Findings from a “natural laboratory” in seas off Papua New Guinea suggest that acidifying oceans will severely hit coral reefs by the end of the century.Carbon dioxide bubbles into the water from the slopes of a dormant volcano here, making it slightly more acidic.
Coral is badly affected, not growing at all in the most CO2-rich zone.
Writing in journal Nature Climate Change, the scientists say this “lab” mimics conditions that will be widespread if CO2 emissions continue.
The closer to the vents, the lower the pH. So the researchers were able to exactly stratify the ecosystems around the vents by pH levels. As pH dropped and became more acidic, the types of coral seen also dropped until at 7.8 – the ocean is normally a pH of 8.1 – there was only one simple type of coral left.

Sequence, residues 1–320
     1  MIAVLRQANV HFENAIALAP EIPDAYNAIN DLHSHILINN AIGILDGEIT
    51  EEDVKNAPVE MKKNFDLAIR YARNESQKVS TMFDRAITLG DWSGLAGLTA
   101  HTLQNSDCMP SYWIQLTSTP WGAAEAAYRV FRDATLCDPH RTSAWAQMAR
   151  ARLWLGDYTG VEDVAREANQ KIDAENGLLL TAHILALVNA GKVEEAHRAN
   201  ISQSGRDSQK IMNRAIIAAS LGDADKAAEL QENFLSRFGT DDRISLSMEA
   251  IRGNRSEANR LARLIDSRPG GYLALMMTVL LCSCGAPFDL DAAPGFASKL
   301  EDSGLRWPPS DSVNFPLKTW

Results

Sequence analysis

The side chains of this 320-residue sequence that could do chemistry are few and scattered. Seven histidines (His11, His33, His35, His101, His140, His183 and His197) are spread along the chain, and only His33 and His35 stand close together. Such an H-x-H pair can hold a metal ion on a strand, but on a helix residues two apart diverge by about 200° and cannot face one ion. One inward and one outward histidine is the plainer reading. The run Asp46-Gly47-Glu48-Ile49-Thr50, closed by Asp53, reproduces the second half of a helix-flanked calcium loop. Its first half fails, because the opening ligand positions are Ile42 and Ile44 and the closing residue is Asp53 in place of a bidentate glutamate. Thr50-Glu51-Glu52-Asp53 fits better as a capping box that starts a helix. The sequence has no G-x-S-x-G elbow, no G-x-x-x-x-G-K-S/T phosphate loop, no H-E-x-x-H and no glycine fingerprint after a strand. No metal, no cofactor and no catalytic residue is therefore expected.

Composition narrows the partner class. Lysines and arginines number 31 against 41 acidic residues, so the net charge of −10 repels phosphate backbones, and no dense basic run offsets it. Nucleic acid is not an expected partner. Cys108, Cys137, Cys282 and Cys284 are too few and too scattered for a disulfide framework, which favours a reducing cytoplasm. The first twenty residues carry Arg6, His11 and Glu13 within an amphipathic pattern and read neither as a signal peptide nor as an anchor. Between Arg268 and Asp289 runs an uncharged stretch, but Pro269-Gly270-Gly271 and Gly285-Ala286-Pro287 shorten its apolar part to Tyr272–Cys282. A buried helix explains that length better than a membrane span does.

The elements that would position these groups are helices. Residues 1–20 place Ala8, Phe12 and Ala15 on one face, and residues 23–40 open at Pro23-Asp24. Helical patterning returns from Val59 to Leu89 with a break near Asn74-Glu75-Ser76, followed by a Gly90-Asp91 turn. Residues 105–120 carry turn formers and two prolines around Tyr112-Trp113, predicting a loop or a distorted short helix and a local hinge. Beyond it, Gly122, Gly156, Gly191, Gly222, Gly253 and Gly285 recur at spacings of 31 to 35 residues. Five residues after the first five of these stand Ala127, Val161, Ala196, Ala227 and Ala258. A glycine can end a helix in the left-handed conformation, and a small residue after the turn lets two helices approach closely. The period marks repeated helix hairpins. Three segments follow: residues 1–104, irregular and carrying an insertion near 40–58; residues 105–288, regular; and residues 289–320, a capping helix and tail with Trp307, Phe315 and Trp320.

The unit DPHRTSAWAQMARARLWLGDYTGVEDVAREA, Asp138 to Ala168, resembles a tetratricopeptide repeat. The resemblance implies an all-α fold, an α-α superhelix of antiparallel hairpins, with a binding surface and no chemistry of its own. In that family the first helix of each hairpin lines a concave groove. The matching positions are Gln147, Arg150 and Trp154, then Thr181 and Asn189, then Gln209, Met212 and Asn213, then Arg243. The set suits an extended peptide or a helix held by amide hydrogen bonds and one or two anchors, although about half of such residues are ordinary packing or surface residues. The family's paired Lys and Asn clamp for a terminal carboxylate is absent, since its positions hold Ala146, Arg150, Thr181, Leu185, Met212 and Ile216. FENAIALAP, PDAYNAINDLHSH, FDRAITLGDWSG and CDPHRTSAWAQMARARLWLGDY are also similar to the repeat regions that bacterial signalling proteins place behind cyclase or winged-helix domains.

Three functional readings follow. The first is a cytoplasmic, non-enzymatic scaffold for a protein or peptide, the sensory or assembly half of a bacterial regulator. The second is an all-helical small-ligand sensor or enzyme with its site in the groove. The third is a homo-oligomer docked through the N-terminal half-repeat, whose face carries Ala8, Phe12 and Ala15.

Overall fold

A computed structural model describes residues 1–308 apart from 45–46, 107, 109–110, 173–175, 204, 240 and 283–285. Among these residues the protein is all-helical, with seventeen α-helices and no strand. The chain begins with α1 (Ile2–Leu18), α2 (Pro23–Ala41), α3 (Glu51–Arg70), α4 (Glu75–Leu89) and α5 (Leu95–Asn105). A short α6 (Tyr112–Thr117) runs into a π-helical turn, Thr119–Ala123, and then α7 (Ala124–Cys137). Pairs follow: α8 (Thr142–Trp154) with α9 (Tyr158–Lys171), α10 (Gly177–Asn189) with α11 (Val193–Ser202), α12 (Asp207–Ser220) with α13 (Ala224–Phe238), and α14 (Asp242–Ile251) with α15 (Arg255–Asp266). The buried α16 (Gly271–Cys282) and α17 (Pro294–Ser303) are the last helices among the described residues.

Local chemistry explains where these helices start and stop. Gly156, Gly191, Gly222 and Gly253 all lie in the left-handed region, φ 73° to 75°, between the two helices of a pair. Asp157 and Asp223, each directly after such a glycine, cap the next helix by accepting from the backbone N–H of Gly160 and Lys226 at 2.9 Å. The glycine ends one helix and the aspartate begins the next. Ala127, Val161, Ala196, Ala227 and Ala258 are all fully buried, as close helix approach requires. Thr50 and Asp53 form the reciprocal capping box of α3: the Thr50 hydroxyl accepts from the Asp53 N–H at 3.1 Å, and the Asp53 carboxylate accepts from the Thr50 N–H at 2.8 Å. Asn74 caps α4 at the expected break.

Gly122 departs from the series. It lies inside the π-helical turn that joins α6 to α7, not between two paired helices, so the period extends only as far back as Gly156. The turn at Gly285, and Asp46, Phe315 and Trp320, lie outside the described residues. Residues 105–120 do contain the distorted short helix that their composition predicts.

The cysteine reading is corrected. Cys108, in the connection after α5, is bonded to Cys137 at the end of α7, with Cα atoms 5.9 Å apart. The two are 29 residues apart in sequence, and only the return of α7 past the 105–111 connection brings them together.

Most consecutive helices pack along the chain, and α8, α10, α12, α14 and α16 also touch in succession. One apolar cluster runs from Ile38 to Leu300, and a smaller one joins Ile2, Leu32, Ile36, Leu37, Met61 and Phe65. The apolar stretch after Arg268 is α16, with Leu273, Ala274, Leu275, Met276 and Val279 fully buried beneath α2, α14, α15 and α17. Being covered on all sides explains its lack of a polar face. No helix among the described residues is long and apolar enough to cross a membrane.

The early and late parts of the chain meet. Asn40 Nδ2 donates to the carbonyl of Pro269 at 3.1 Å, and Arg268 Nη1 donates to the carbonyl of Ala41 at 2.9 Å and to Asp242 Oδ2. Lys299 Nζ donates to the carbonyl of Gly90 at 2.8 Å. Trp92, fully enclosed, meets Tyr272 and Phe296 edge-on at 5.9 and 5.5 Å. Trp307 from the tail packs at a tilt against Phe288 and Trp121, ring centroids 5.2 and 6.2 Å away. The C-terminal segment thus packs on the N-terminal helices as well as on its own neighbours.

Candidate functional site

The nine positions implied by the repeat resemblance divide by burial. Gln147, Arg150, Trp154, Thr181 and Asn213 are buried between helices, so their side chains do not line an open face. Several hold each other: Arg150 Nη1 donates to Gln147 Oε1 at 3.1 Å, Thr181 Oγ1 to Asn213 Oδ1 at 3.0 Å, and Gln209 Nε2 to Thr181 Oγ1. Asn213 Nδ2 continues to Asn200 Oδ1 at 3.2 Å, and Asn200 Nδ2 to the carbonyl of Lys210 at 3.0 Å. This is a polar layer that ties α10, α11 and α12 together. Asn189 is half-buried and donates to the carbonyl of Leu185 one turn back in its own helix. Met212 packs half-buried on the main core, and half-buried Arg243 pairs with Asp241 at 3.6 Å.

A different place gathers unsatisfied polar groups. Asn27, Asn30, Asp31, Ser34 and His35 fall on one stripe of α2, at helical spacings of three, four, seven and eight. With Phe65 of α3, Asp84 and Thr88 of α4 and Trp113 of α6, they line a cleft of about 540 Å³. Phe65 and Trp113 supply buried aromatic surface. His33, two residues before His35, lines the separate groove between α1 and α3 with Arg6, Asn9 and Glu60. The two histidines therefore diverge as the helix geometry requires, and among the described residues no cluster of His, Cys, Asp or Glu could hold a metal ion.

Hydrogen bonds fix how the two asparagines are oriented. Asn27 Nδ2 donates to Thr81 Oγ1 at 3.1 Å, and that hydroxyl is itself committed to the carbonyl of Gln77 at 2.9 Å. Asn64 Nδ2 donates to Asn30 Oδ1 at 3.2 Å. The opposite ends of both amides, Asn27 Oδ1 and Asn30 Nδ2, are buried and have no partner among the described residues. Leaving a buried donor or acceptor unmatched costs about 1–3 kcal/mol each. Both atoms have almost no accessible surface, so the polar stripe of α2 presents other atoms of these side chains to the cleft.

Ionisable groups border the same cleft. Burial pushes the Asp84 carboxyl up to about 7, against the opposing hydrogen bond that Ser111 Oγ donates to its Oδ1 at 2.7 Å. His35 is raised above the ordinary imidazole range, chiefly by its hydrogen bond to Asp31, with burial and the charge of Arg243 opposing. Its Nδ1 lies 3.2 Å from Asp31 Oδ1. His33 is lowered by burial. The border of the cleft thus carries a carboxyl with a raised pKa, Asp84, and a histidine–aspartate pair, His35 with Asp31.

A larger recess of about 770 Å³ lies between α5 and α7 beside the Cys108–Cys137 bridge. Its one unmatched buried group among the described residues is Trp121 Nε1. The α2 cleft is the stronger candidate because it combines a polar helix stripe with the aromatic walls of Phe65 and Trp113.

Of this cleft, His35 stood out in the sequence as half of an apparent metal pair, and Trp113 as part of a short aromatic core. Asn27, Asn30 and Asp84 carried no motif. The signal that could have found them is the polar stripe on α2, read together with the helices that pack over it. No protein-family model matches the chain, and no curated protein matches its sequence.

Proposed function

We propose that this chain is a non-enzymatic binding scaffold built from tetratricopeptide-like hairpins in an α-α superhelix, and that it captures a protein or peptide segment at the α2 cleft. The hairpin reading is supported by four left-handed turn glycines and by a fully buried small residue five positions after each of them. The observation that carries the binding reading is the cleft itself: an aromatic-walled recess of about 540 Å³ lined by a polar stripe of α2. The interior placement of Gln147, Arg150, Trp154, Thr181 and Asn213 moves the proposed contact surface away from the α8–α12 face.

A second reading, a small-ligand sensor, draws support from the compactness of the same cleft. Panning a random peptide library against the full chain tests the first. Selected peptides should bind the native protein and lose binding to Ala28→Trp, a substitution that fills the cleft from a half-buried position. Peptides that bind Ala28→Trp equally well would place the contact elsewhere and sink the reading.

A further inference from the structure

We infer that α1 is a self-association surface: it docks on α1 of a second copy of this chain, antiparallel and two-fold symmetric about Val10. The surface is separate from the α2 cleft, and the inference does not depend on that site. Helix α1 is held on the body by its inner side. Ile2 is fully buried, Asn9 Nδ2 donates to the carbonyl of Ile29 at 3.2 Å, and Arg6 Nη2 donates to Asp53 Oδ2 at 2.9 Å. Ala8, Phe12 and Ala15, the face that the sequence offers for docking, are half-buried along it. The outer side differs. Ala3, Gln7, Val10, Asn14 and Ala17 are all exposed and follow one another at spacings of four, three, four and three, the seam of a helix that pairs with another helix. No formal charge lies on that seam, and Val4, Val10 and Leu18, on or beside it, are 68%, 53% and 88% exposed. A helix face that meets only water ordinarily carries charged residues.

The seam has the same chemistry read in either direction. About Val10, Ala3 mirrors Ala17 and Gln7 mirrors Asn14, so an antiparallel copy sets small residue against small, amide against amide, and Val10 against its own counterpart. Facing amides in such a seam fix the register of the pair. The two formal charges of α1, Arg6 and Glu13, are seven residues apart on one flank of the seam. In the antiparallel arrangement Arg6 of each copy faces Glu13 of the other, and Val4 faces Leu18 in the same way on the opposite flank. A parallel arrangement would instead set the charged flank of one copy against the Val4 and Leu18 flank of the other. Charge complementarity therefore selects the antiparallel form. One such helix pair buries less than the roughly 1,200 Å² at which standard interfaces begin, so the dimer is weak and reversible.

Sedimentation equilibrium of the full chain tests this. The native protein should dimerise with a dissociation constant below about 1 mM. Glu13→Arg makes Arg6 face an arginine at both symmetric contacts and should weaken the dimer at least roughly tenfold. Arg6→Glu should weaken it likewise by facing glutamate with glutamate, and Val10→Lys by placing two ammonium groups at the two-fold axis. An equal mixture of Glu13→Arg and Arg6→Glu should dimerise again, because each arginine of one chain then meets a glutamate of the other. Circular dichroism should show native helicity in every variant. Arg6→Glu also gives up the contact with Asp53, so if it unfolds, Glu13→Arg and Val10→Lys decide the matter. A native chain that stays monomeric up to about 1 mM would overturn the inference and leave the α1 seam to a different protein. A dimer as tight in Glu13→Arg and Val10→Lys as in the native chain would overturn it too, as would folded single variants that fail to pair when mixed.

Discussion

At 7.7, there were no corals at all and a completely different ecosystem, dominated by grasses. But the hard shelled mollusks – who have a hard time creating their shells at low pH – normally seen with these grasses were missing.
And this was a reef not affected by overfishing or pollution, so it probably understates the ecosystem change.
There is a very good chance that these levels of ocean acidification will be seen in the lifetimes of people alive today. They would witness the death of coral reefs.